claimed to be owed.” (Id. ¶ 26.)
Plaintiff Pia Townes has additionally filed and been granted
a motion pursuant to Rule 60(b) of the North Carolina Rules
of Civil Procedure to set aside her default judgment.
(Id. ¶¶ 31, 39.)
filed this action seeking relief on behalf of “[a]ll
persons against whom PRA obtained a default judgment entered
by a North Carolina court in a case filed on or after October
1, 2009.” (See Id. ¶ 15.) On behalf of
all proposed class members whose default judgments have not
yet been vacated, Plaintiffs' first claim (“Claim
I”) seeks a declaratory judgment that the default
judgments violate § 58-70-155 (and, in some cases, Rule
55(b)(1)) and are void, and seeks an associated injunction
requiring PRA to cease collection activity and file notices
of vacatur. (Id. ¶¶ 50-57.)
behalf of all class members, Plaintiffs' second claim for
relief (“Claim II” or “statutory penalties
claim”) seeks statutory penalties authorized by N.C.
Gen. Stat. § 58-70-130(b). (Id. ¶¶
58-63.) Section 58-70-130 imposes civil liability in the form
of actual damages and statutory penalties on collection
agencies that engage in prohibited practices, including
specific “unfair practices.” § 58-70-115.
One such unfair practice is “[f]ailing to comply with
Part 5 of this Article.” Id. §
58-70-115(7). Part 5 includes § 58-70-155, entitled
“Prerequisites to entering a default or summary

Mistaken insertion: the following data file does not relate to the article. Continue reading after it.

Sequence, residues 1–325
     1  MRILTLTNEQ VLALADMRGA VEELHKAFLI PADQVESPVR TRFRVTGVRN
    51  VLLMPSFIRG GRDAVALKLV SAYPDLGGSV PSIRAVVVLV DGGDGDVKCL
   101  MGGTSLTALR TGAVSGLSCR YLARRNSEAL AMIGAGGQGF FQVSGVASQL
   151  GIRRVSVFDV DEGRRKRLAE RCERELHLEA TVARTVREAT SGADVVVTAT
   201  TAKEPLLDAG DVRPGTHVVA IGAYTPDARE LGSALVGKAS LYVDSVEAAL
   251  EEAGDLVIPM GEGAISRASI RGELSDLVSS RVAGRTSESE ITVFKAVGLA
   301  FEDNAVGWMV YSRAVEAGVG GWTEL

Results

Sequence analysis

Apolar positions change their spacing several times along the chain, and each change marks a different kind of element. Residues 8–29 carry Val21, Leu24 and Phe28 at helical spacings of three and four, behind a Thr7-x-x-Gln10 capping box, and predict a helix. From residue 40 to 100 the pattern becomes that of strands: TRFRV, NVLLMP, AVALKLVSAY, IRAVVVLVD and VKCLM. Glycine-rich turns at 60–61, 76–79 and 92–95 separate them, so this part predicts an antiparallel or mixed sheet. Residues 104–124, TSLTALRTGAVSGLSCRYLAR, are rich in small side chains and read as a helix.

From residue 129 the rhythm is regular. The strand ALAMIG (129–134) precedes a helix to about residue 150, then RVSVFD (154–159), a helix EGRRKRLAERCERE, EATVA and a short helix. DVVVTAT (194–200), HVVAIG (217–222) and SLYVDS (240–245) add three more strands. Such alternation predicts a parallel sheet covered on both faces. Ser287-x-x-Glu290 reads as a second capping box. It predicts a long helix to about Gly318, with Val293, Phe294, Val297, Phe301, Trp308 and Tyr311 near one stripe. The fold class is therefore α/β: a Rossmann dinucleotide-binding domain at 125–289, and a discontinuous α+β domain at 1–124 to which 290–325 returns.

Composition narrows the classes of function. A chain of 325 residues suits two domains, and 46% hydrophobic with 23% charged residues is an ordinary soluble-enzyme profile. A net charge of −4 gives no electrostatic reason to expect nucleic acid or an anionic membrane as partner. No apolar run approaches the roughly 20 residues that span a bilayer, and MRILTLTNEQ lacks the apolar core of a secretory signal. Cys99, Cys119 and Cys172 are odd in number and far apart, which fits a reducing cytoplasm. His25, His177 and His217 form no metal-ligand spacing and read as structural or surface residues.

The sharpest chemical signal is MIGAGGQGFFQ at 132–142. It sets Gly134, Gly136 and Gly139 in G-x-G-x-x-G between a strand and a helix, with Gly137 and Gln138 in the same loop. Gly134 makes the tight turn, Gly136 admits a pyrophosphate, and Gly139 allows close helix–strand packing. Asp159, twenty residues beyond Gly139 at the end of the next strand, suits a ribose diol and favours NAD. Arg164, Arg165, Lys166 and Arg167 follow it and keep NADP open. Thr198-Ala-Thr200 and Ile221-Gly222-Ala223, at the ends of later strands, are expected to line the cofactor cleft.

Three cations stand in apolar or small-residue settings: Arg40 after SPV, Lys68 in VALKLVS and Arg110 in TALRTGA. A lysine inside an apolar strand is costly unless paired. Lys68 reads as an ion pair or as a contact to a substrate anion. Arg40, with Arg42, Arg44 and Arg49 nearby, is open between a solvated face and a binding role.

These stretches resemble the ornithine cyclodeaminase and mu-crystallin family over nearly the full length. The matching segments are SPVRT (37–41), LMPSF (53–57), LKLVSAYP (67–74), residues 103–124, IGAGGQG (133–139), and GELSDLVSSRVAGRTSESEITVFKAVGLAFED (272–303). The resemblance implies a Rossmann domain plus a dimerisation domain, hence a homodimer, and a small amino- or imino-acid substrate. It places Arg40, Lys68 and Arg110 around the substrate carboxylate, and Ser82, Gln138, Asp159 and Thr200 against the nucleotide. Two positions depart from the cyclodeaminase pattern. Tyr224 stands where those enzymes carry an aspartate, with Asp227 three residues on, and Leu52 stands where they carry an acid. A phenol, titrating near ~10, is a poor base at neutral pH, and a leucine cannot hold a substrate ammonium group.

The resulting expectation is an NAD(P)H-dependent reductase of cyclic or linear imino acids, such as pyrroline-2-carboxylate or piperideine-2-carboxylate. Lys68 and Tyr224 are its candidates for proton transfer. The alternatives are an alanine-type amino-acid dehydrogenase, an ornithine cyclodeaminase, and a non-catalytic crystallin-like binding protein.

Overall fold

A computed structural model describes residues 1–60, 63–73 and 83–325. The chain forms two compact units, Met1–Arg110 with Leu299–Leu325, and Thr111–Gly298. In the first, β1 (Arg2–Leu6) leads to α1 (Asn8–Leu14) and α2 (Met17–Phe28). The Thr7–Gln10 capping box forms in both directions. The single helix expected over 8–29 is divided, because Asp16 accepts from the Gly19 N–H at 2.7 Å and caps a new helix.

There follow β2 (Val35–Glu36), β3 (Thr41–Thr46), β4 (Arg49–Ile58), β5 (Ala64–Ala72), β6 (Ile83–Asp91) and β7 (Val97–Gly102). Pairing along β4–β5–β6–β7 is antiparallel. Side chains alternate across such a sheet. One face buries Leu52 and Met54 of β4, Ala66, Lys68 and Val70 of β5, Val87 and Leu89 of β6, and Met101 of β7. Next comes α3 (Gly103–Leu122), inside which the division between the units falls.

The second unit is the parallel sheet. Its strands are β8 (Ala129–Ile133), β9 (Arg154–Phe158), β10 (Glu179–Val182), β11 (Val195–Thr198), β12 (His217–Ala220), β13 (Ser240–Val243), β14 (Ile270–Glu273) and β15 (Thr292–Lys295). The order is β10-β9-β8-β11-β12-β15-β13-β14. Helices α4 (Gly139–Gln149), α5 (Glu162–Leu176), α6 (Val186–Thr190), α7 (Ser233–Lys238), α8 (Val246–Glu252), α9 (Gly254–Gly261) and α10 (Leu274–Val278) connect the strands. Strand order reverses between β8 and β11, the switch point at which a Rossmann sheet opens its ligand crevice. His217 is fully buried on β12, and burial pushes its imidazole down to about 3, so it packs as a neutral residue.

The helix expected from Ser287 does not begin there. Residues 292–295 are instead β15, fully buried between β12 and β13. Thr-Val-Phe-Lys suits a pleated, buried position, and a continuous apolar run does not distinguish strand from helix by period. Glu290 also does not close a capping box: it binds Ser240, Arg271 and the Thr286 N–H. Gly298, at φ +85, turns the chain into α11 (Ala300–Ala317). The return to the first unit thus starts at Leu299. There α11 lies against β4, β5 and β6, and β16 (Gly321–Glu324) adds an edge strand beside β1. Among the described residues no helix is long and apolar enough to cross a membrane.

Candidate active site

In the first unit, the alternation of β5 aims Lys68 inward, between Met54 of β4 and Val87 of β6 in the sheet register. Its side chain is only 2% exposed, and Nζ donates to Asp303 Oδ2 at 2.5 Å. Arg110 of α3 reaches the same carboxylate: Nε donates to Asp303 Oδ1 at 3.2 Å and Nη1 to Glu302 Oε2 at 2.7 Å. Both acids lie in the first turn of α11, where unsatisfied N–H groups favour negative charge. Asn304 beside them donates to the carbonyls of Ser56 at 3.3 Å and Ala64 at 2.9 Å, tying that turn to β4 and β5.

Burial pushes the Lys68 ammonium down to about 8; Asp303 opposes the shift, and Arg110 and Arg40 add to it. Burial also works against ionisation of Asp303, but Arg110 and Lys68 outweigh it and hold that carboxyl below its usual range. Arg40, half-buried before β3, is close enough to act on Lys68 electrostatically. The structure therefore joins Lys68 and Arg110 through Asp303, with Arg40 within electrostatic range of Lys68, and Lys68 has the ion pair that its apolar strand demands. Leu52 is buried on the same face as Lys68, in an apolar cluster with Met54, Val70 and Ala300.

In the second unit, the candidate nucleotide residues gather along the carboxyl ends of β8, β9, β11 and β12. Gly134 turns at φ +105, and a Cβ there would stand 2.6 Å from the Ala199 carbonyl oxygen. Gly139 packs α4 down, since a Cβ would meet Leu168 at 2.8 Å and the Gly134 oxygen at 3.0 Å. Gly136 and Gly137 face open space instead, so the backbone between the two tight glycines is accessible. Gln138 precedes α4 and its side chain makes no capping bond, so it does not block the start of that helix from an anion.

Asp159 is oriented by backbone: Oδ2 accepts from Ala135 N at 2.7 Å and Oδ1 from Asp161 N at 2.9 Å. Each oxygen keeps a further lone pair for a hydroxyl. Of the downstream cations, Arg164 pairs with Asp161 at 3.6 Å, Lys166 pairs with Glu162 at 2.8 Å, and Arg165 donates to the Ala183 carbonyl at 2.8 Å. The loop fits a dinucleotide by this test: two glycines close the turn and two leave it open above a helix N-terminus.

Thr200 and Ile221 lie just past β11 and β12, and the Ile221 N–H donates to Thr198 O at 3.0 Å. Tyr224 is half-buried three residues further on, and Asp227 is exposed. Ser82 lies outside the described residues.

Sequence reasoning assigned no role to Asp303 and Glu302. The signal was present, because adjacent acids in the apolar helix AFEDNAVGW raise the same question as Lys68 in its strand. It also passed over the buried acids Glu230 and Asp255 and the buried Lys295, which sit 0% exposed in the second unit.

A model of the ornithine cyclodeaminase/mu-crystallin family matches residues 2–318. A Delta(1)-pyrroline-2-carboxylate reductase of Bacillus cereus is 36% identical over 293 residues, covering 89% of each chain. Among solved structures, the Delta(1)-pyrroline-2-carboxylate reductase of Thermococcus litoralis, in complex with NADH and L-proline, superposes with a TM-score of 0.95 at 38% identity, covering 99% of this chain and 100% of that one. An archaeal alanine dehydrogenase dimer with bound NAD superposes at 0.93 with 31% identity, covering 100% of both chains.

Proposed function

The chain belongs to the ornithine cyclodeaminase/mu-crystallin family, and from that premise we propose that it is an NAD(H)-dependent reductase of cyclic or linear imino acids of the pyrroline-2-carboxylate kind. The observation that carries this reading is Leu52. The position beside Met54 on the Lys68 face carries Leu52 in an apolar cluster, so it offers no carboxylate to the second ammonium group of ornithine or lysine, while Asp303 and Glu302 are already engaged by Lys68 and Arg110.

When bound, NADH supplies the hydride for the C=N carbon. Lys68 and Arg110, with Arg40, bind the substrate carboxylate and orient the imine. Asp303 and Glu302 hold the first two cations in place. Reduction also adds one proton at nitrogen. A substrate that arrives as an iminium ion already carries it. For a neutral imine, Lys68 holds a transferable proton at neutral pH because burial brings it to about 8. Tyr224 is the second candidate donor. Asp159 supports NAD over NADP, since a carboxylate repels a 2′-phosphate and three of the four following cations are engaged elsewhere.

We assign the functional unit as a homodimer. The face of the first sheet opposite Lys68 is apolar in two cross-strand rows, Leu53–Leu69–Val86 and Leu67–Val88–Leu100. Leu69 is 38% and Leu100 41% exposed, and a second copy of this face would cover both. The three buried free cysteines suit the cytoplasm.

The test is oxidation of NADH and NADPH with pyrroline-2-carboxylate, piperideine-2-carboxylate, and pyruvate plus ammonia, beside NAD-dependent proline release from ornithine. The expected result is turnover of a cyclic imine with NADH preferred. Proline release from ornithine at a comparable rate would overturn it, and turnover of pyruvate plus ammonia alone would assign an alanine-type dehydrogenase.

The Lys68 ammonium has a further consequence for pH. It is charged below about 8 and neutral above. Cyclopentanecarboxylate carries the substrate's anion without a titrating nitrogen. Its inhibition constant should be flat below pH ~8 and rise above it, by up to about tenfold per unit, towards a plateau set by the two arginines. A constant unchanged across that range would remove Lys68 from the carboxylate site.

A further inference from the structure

judgment against a debtor under this Part.”
Id. § 58-70-155. Plaintiffs thus claim that PRA
violated § 58-70-115(7) by “requesting and
obtaining default judgments” that do not conform to
§ 58-70-155's prerequisites, entitling them to
statutory penalties under § 58-70-130(b). (Compl. (Doc.
3) ¶¶ 59-61.)
Plaintiffs' third claim for relief (“Claim
III” or “actual damages claim”) seeks
actual damages authorized by § 58-70-130(a) in the
amount PRA has collected from the Plaintiffs' default
judgments, on behalf of any proposed class members who made
post-default-judgment payments to PRA. (Compl. (Doc. 3)
argue that this court lacks subject matter jurisdiction over
this action under the Rooker-Feldman doctrine. (Plaintiffs'
Brief in Support of Motion to Remand (“Pls.'
Br.”) (Doc. 12); Plaintiffs' Reply Brief in Support
of Motion to Remand (Doc. 21).) The Rooker-Feldman doctrine
is a jurisdictional doctrine that prohibits federal district
courts from “‘exercising appellate jurisdiction
over final state-court judgments.'” See Thana
v. Bd. of License Comm'rs, 827 F.3d 314, 319 (4th
Cir. 2016) (quoting Lance v. Dennis, 546 U.S. 459,
463 (2006) (per curiam)). The presence or absence of subject
matter jurisdiction under Rooker-Feldman is a threshold issue
that this court must determine before considering the merits
of the case. Friedman's, Inc. v. Dunlap, 290
F.3d 191, 196 (4th Cir. 2002).
Rooker-Feldman originally limited federal-question
jurisdiction, the Supreme Court has recognized the
applicability of the doctrine to cases brought under
Rooker and Feldman exhibit the limited circumstances in which
this Court's appellate jurisdiction over state-court
judgments, 28 U.S.C. § 1257, precludes a United States
district court from exercising subject-matter jurisdiction in
an action it would otherwise be empowered to adjudicate under
a congressional grant of authority, e.g., § 1330 (suits
against foreign states), § 1331 (federal question), and
§ 1332 (diversity).
Exxon Mobil Corp. v. Saudi Basic Indus. Corp., 544
U.S. 280, 291-92 (2005). Diversity proceedings removed to
federal court under CAFA, likewise, are within the
doctrine's purview. See, e.g., Dell Webb Cmtys., Inc.
v. Carlson,817 F.3d 867, 872 (4th Cir.), cert. Denied,
___ U.S.____, 137 S.Ct. 567 (2016); Bergquist v. Mann
Bracken, LLP,592 F.3d 816, 818 (7th Cir. 2010);